“I feel lucky not to have more damage. I was close to one of the leading spinal centres in the UK in Southmead in Bristol, in terms of acute surgery.

“They took one look at the MRI scans and rushed me straight into surgery.

“I managed to get operated on within seven to eight hours, another big factor in spinal injuries.”

Ed Jackson is given assistance breathing after first arriving in intensive care

Realising the damage

Jackson had fractured and dislocated the C6 and C7 vertebrae and shattered the disc between them.

His spinal cord was impacted and partially crushed, resulting in damage, swelling and spinal shock.

Jackson was initially told he may never walk again.

“They told me I might not get any movement back,” said Jackson.

“Before I went into the operation, the surgeon said things that could happen, one of them being death, which was interesting.

“My fiancee, mum and stepmum were in the waiting room with my dad. They were told this was a serious operation and a chance I might not make it through.

“My dad told them not to panic because he knew doctors tend to be cautious and always give you worst-case scenarios.”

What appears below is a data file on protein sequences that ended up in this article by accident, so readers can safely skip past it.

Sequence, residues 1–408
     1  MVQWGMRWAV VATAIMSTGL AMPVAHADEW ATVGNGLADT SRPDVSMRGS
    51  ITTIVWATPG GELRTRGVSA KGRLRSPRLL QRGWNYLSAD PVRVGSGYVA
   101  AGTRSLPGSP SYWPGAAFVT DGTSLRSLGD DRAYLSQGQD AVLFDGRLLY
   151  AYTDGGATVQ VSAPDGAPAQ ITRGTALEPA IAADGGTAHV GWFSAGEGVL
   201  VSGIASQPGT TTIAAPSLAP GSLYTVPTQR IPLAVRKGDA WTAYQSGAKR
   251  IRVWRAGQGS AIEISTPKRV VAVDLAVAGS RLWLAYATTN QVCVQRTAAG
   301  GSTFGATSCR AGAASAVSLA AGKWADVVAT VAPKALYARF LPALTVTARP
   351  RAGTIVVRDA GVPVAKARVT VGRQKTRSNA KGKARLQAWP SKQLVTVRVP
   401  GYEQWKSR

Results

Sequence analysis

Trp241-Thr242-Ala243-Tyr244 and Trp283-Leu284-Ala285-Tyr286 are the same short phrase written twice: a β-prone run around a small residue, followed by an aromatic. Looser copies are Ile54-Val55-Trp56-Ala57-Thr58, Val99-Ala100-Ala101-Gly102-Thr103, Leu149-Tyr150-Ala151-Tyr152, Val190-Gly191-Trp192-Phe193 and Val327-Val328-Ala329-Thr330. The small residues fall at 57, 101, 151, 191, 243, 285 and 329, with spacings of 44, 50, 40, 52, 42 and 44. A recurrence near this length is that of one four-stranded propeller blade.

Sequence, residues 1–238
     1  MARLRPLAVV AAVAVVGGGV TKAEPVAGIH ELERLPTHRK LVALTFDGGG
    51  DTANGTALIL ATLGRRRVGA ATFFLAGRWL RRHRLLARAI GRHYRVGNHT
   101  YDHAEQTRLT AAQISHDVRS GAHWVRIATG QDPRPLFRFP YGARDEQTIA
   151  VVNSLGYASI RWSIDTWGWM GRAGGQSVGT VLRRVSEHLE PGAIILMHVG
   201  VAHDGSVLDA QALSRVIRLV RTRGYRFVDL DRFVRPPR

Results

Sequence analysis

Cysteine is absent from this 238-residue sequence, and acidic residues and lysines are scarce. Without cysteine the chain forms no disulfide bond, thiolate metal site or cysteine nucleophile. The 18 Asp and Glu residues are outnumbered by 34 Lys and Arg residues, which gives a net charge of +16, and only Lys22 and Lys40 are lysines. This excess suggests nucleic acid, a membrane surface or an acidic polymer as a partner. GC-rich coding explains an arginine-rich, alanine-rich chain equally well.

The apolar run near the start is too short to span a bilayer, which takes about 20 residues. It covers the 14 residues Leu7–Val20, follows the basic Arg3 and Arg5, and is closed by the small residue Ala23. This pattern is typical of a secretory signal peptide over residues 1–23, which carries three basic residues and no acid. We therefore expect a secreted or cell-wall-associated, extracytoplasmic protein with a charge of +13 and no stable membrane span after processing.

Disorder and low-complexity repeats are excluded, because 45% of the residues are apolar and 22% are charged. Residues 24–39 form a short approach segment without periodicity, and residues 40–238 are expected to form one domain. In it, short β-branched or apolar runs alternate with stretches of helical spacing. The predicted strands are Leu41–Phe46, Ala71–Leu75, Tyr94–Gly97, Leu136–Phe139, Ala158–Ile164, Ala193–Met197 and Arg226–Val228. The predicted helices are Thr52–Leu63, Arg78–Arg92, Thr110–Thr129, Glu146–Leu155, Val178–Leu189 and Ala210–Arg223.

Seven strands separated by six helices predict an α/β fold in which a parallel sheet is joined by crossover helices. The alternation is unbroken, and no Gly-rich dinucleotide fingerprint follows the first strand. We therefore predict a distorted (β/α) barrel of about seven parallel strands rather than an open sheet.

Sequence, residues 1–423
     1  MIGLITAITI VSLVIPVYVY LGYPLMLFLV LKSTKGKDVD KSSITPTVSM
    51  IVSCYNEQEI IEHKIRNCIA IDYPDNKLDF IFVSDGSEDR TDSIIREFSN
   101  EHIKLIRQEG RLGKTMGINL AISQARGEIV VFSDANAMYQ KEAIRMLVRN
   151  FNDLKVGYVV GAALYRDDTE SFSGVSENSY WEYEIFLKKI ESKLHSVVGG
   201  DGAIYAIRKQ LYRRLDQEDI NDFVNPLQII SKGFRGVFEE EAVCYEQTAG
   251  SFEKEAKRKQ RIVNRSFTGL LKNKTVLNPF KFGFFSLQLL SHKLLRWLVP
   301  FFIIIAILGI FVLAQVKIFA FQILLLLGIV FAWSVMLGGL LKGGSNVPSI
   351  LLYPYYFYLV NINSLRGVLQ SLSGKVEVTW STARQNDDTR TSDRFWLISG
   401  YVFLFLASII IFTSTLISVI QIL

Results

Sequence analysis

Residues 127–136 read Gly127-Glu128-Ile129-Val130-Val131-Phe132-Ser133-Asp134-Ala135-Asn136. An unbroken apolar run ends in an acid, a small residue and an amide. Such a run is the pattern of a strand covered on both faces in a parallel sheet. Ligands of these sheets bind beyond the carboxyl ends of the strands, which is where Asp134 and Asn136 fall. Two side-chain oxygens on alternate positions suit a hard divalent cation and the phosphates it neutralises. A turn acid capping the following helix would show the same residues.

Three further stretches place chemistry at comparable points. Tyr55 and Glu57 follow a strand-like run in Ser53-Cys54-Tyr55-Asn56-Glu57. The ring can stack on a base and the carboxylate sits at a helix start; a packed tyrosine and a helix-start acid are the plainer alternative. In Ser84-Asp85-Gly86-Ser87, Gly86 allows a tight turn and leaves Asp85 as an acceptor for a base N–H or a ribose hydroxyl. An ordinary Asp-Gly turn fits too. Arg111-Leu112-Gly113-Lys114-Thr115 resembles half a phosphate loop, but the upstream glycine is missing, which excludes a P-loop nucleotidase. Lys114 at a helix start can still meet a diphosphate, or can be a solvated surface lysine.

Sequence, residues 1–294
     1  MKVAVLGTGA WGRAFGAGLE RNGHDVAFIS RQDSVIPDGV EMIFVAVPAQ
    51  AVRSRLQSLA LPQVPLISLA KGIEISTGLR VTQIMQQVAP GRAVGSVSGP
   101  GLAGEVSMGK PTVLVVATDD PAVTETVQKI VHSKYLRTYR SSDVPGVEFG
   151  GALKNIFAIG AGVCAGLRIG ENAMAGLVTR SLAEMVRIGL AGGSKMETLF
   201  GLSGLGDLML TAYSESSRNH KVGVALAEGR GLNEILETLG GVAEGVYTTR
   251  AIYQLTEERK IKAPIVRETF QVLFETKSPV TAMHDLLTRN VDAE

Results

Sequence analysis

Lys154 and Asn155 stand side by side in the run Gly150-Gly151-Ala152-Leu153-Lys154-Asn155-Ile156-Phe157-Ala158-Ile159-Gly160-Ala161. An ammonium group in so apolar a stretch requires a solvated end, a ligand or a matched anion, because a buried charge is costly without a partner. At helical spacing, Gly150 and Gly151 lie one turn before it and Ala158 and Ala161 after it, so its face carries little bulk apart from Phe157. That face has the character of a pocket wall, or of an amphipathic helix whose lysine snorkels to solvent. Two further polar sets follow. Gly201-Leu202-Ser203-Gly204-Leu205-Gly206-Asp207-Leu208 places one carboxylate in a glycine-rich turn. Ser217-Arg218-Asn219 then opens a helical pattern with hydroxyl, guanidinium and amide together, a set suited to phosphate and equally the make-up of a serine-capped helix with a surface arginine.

Jackson had no initial movement from the chest down and admitted he endured tough times before the shoots of recovery.

“It was difficult, at the start, usually at night when none of your family and friends are there and you are in intensive care, it’s 24/7,” said Jackson.

“I couldn’t swallow so I was hardly sleeping. I couldn’t cough and someone had to come in with a suction tube.

“You think how much worse can it get but as time moves on, you start to progress.

“I was hoping to get arm movement back to be independent. I never wanted to be a hassle.”

Biggest elation

Jackson played for Bath, Wasps, London Welsh and the Dragons and was a bullocking, ball-carrying back-rower, who at 6ft 4in and 17 stone powered through opposition defences.

Now he was revelling in the slightest physical activity.

“My fingers started moving first,” said Jackson.

“The biggest elation was seeing my right toe wiggle after weeks of staring at my foot trying but nothing happening.

“That first moment I saw the signal from my brain going to my foot was big because you had something to work with.

“Little wins like that have been happening over the last eight weeks, which are bigger than any league title.

“I have been living amazing moments with tears of joy over the last three months. You don’t get that in normal life.”

Reliving his story

Jackson has been charting his recovery in a social media blog which has attracted the attention of medical professions, Paralympians and other people in his situation.

“I was keeping a personal diary as soon as I could use my hands and found it therapeutic,” said Jackson.

“I was persuaded by friends to make it public and thought it could help a couple of people.

“In a couple of weeks it went crazy, going around different hospitals with nurses and physios reading it.